Sheila Joshi is a blogging friend, and a former clinical psychologist. On the day that Notre Dame burned, I received an email from her about planetary empath symptoms she’d experienced concerning the fire.
“I don’t consider myself a planetary empath and have never wanted to be one. I pick up way too much from other people as it is. But I may have picked up on the burning of Notre Dame and you’re kind of a collection hub for this kind of thing.
“Notre Dame burned on Monday, 15 April 2019. On Thursday, April 11, I felt tremendously anxious in the morning and cried. All of Friday and the morning of Saturday was hard. But on Saturday evening I went into extreme anxiety that lasted all through Sunday. Sunday night I could not sleep more than a few minutes at a time for a couple of hours. I got up Monday morning, wrecked. All of this was surprising and baffling, since I had been doing much better than this, and there was no apparent cause.
Saturday night, I dreamed that a French woman told me that another French woman had told her that when I was a teenager, I had waited in the Louvre Museum in Paris for my mother to pick me up. She never showed up and I spent the night in the Louvre alone, hiding, and it had been traumatic. In the dream, I didn’t remember this happening, and of course it never really did. But the only time I was in Paris was when I was a teenager. I was lucky enough to have seen Notre Dame then, in 1977.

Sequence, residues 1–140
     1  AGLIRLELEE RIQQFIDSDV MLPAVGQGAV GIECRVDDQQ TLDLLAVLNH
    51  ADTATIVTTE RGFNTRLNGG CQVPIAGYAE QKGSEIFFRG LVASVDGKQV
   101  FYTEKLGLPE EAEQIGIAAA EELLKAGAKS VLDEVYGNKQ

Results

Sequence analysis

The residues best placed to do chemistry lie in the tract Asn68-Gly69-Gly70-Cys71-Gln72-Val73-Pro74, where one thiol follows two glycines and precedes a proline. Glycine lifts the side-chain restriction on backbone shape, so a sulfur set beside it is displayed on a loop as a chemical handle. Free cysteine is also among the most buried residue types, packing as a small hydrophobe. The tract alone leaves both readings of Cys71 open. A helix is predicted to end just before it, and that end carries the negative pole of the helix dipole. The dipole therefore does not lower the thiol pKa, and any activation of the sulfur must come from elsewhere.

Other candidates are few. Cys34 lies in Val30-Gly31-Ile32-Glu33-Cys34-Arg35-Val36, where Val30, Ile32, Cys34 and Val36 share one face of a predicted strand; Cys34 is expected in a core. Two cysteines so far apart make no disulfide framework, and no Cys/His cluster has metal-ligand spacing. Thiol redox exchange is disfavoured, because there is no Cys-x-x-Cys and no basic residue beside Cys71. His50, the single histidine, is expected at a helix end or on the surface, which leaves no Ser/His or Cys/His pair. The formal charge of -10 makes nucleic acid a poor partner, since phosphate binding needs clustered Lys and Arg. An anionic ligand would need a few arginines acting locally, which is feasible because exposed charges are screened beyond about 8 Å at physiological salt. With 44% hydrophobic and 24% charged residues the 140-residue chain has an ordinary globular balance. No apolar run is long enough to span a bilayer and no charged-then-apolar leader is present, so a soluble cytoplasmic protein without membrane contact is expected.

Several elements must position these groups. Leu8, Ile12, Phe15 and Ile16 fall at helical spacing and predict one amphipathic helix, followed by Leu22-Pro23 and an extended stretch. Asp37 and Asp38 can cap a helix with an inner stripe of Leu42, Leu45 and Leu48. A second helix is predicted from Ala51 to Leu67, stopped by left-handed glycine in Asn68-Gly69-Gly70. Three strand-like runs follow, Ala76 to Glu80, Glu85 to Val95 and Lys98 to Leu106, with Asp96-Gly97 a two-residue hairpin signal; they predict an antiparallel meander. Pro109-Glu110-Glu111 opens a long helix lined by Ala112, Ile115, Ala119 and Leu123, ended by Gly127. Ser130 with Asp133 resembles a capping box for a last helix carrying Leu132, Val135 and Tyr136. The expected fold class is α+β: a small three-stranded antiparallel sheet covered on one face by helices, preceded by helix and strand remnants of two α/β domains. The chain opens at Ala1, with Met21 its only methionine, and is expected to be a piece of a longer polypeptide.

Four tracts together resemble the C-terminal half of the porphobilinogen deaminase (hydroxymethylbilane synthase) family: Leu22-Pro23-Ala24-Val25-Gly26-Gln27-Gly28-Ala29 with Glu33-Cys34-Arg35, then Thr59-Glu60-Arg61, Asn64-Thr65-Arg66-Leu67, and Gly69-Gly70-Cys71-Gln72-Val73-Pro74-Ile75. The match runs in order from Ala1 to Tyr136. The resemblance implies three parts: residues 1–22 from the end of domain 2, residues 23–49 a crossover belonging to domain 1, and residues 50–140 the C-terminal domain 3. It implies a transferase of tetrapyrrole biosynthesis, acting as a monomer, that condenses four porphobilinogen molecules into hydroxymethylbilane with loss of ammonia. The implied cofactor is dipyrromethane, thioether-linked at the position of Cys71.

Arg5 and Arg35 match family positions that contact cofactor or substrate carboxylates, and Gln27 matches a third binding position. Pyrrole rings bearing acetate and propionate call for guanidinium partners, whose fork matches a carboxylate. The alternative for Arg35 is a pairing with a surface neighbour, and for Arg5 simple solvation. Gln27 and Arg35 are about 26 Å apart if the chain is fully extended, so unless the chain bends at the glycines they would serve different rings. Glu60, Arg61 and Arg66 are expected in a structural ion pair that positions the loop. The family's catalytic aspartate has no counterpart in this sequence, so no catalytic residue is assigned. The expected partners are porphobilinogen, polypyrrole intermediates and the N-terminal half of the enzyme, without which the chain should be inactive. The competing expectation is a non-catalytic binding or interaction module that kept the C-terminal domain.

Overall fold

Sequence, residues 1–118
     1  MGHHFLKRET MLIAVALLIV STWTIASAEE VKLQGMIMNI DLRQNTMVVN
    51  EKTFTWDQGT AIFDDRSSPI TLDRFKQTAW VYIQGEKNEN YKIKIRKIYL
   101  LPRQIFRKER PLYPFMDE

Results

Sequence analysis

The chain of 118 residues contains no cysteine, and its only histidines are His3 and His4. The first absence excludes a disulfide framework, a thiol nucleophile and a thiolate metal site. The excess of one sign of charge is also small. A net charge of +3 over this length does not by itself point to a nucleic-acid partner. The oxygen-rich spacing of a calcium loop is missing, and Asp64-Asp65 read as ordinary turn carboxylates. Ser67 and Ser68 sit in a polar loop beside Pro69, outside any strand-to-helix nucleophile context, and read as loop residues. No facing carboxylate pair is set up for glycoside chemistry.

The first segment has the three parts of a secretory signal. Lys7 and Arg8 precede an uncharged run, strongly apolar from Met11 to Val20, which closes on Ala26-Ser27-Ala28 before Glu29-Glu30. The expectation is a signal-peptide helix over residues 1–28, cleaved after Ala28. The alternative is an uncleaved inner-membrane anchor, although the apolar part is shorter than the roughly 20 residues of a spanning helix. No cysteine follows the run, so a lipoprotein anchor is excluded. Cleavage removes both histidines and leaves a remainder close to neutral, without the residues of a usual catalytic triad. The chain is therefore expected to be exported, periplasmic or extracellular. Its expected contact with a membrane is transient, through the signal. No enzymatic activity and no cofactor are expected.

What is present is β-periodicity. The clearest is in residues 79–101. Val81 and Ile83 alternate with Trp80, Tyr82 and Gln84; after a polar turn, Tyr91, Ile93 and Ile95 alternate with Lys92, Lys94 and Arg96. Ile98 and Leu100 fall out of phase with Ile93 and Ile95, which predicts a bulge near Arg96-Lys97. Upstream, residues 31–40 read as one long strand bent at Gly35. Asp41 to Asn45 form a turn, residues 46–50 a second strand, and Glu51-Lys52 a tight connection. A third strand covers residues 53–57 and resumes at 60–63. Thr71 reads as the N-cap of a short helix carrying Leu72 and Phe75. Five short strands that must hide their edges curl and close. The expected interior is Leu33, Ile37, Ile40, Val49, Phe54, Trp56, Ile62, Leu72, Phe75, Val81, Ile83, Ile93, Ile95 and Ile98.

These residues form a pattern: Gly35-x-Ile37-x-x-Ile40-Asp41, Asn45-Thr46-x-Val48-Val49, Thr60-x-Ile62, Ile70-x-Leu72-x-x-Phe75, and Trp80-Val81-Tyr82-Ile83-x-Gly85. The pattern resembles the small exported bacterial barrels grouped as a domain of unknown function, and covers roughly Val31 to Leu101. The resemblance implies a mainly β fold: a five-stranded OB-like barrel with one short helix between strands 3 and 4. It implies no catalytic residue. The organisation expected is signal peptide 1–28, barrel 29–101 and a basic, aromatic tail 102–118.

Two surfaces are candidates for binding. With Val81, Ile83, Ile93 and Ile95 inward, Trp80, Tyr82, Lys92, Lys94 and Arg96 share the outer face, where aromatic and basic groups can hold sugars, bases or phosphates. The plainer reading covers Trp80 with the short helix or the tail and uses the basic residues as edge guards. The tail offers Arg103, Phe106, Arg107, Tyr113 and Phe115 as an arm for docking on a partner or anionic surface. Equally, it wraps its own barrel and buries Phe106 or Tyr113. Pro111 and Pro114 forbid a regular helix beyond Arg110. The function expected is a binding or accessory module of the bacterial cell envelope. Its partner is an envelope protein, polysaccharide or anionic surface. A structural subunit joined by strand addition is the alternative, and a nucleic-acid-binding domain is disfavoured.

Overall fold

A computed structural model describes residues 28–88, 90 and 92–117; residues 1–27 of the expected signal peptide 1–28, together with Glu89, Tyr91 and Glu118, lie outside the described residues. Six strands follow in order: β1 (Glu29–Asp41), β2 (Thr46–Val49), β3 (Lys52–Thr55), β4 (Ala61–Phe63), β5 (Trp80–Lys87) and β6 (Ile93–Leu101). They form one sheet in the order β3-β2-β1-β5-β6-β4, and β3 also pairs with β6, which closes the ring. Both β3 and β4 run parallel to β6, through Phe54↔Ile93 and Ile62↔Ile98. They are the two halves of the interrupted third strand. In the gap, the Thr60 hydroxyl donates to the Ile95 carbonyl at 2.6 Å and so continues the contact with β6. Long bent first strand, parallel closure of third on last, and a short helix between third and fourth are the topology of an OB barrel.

“A week before Monday, on Sunday, April 7, I got a bee in my bonnet to look at the painting by David of The Coronation of Napoleon, in which Napoleon is crowning Josephine. I followed the impulse and looked at images of the painting online. I can’t think of any reason I wanted to see that painting just then. Today, I found out that the scene takes place in Notre Dame and the painting now lives in the Louvre.
“On Monday, once the pictures of the fire started coming in on the news, I cried off and on all evening — hard. But I slept well Monday night, as if ‘the fever had broken,’ and I feel much, much better today, Tuesday.
“I have also always said that I did not want to psychically pick up on upcoming catastrophes unless I could do something about them. And, so far, there has been no sign that I do that either. I don’t think I started picking up on the catastrophe on Thursday only because this is the devastation of a beautiful, famous, historic building. My sense and my hope is that this event will mark a turning point in the battle against the rise of authoritarianism and nationalism around the globe, that it awoke something in people around the world, and that *that* Collective Unconscious shift is what I was picking up on.
“Interestingly, Macron said this burning and resurrection is part of France’s destiny.
“This beloved building may soften people’s hearts. It may shake people into coming together more actively. Salma Hayek’s Gucci billionaire husband donated $113 million to the restoration before the fire was out. Others are following suit quickly. As of Tuesday morning, more than $675 million had already been pledged. Countries around the world are already offering to send their restoration experts and technicians.
“As Lawrence O’Donnell (MSNBC) said so well on Monday night, this event is a reminder that civilization always has been and always must be re-built and re-built and re-built. Clearly, he was also referring to the reality (which most of us forgot) that democracy, too, must be re-built and re-built and re-built.
“He also pointed out that this is the first time in history that people around the entire world could watch at the very same moment the destruction of an international symbol of civilization — of the highest of both secular and spiritual values.”
Sheila also added this:
The latest donation figures are now close to a billion.